The Happy Husband

The downward spiral: Isaac thinks he’s the victim of an impossible wife. Rivka thinks she’s the victim of an ungrateful husband. Who is right?

3 min

Racheli Reckles

Posted on 13.10.2013

The Happy Husband, Part 1 of 2
My husband, G-d bless him, is completely tone-deaf. It’s a shame, because he has good singing potential. Listening to him sing is borderline torture for me, since I, on the other hand, am very musically inclined. I play the piano, and most of what I play these days I have learned by ear. So for me to listen to notes that go together like water and oil, it’s pretty painful. Do you remember the movies where someone would scratch the school chalkboard with a nail and make that horrible screeching noise? That’s the level of pain I’m talking about. Now that doesn’t mean I can sing! Quite the contrary – I’m a worse singer than he is! At least I know that I’m a terrible singer. My husband has no clue about his problem.
My husband isn’t alone. Many husbands have a tone-deaf problem. However, the kind of issue I’m referring to isn’t a musical one- it’s a domestic harmony one. Allow me to describe a typical situation:
Isaac is a hard-working husband and father. He gets up before sunrise, runs off to the local shul for prayers, and from there grabs a bagel and coffee and heads off to work. He spends hours fighting rush hour traffic to and from work, and during his actual workday he’s bombarded with all kinds of pressures from his boss and colleagues. He’s got deadlines to fulfill and without his timely contributions to his company’s projects, nothing would move forward. He barely gets a half-hour to fly to the coffee shop downstairs in the lobby and snarf down some sandwich which he has no time to actually taste, before he has to run back upstairs and continue his daily work marathon until it’s time to go home. And, of course, work doesn’t end when he gets home. He’s got to continue working into the middle of the night just to keep up with the supersonic pace his company is moving at.
Needless to say, Isaac is exhausted and overwhelmed.
Isaac’s wife, Rivka, isn’t exactly on vacation herself. She’s got three kids to take care of from morning to night all by herself. She, too, has to get up before sunrise, make their lunches, fight with them to get up and get dressed, give them breakfast, and get them to school on time. Any mom understands that by the time she drops them off she’s already exhausted, physically and mentally. She has to rush to her own job across town, and, oops, she forgot to eat breakfast! Starving and with a caffeine headache, she bustles into her office and runs to the coffee machine to get her much-needed morning fix. Food will have to wait ‘till later. Rivka spends the next five hours at her desk, in meetings, taking phone calls, and by the time she remembers to eat something it’s time to pick up the kids from school. So she grabs another coffee on her way out.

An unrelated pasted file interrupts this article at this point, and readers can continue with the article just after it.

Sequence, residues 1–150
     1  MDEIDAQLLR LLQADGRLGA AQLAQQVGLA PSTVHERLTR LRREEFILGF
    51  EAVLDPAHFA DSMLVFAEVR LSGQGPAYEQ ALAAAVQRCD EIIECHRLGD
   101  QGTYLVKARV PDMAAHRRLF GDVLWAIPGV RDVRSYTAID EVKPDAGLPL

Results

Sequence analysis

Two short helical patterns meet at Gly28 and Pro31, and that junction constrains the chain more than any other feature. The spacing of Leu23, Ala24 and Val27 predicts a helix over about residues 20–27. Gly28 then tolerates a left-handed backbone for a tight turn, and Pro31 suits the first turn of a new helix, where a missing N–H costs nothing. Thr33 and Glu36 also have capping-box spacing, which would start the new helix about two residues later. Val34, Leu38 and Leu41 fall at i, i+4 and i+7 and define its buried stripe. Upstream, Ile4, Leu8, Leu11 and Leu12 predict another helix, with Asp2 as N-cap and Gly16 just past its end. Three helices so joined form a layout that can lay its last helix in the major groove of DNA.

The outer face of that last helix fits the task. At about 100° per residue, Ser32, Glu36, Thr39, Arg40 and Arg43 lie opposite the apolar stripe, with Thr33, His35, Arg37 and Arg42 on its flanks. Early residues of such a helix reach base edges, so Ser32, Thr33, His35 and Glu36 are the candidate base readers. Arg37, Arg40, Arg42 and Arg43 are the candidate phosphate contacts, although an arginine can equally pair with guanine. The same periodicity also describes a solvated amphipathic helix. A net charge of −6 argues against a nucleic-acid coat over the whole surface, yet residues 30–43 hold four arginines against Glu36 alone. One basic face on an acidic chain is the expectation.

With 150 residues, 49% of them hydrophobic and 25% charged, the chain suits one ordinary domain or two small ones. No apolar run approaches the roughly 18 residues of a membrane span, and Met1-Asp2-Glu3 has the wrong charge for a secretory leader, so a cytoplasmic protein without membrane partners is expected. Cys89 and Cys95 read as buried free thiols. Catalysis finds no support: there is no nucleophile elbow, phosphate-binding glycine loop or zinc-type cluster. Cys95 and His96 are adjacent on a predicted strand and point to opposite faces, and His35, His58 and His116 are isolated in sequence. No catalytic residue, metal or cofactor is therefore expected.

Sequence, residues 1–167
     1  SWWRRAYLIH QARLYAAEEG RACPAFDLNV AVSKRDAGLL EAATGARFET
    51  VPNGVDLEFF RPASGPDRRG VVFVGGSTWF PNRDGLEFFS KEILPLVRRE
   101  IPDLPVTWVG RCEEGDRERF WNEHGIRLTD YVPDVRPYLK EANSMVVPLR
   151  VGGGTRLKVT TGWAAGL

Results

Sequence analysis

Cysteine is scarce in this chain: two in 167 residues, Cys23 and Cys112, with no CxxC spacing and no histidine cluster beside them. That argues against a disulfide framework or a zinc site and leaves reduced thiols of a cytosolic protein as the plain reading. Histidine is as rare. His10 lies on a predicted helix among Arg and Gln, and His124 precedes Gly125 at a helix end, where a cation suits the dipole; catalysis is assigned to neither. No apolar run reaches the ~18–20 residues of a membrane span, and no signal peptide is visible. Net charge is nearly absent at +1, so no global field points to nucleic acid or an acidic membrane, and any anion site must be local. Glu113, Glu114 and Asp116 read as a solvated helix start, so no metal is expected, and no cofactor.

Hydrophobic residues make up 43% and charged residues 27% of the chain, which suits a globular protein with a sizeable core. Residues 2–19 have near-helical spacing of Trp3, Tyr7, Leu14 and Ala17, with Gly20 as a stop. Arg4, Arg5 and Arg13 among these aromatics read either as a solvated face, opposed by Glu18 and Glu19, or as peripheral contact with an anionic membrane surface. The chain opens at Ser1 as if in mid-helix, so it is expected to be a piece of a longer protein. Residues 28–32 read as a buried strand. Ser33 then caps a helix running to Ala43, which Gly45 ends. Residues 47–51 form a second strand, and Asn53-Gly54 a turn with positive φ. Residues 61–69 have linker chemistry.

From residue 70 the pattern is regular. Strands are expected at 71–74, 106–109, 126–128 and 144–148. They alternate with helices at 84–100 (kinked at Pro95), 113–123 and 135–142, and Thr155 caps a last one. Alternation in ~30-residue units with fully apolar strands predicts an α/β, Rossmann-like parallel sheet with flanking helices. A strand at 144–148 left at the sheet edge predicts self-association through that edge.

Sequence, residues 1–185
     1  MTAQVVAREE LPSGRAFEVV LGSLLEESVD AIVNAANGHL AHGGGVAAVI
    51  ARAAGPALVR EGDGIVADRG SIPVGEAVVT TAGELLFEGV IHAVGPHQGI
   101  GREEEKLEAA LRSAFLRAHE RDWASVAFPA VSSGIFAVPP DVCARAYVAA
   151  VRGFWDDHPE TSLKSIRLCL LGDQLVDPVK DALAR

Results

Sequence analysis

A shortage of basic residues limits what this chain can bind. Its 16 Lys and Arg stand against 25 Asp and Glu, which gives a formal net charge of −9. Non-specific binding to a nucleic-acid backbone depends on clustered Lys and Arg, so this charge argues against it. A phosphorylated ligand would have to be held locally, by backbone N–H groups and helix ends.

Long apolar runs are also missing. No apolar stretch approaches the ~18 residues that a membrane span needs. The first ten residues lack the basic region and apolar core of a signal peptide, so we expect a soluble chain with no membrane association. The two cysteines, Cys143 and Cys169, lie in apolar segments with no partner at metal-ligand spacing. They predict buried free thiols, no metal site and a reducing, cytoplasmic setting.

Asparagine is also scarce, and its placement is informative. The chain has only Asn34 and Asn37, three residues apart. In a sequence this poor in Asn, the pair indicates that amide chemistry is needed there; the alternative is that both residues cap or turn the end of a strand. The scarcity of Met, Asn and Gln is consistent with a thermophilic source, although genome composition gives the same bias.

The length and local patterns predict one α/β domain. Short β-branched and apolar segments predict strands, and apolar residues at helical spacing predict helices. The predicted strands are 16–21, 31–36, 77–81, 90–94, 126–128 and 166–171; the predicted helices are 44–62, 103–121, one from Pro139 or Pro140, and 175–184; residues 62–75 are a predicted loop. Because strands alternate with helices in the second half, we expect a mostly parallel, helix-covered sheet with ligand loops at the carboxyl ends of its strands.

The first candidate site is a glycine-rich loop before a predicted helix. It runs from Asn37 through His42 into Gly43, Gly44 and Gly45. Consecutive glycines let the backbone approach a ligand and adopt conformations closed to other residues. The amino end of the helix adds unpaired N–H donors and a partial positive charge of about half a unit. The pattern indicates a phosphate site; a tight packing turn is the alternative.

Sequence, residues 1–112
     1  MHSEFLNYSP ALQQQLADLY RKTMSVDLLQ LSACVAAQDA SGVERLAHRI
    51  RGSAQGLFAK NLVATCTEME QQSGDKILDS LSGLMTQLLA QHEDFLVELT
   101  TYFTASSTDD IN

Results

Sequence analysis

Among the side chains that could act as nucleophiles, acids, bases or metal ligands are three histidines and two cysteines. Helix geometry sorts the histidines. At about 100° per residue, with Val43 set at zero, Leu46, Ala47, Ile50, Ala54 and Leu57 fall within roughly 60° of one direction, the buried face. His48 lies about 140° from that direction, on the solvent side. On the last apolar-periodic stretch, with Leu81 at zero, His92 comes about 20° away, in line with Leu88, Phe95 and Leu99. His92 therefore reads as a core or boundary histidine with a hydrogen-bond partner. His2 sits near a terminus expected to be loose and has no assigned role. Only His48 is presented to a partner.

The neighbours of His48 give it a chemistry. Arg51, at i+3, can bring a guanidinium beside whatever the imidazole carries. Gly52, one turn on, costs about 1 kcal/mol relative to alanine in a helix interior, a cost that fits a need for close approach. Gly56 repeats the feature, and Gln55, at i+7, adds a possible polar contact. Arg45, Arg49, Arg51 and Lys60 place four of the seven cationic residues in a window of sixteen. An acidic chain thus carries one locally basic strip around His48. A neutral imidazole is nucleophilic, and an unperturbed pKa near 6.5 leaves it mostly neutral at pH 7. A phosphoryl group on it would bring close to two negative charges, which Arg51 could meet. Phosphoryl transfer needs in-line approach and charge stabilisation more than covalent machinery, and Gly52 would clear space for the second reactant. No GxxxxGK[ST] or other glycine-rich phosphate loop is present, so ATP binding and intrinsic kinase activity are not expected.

After she gets home with the kids, it’s homework-fight time for the next two hours. Somehow she manages to throw together some dinner in between round two and round three. Then it’s shower-fight time. Then it’s go-to-bed-fight time! And Rivka hasn’t stopped for a moment. She’s absolutely finished by the time Isaac gets home, and the kids are gleefully skipping around the living room, taking full advantage of her semi-comatose state.
The one thought that kept her going all day was that her husband would be home in the evening and would be able to help her. He would be her emotional support, giving her comfort and calming her down during her stressful time.
That’s not exactly what happens, though.
Isaac drags himself through the door at 8pm, hungry and irritable. The kids run to him and nearly tackle him with their hugs and kisses. Although she’s exhausted, Rivka gets up and smiles at Isaac, happy that he’s home. She feels safe and complete.
Isaac, on the other hand, is in no mood to smile. Without so much as a glance in her direction, he mumbles, “Where’s dinner.”
He has no idea that he has just broken her heart.
All of her hopes for a quiet evening together have vanished – like magic. She struggles to fight back tears as she serves him dinner without a word. Soon after, however, she can’t hold back anymore and snaps. She starts to nag him about everything: “Why are you so late? Why do you always leave your shoes in the middle of the living room? Why can’t you put your plate in the sink when you’re done? Put those kids to bed already!”
Their night goes from bad to worse after the kids are asleep. Their fighting leads him to sleep on the couch. The next day, both of them are extra tense at work. That night Rivka doesn’t even bother to serve him dinner. He can get it himself. Isaac is resentful that his wife didn’t do her wifely duties and have a plate ready for him.
Pretty soon the kids pick up on the tension and they start to act up. This only adds to the problem, and before they know it, their marital fights are spiraling out of control. Isaac thinks he’s the victim of an impossible wife. Rivka thinks she’s the victim of an ungrateful husband.
Who’s right? To be continued…

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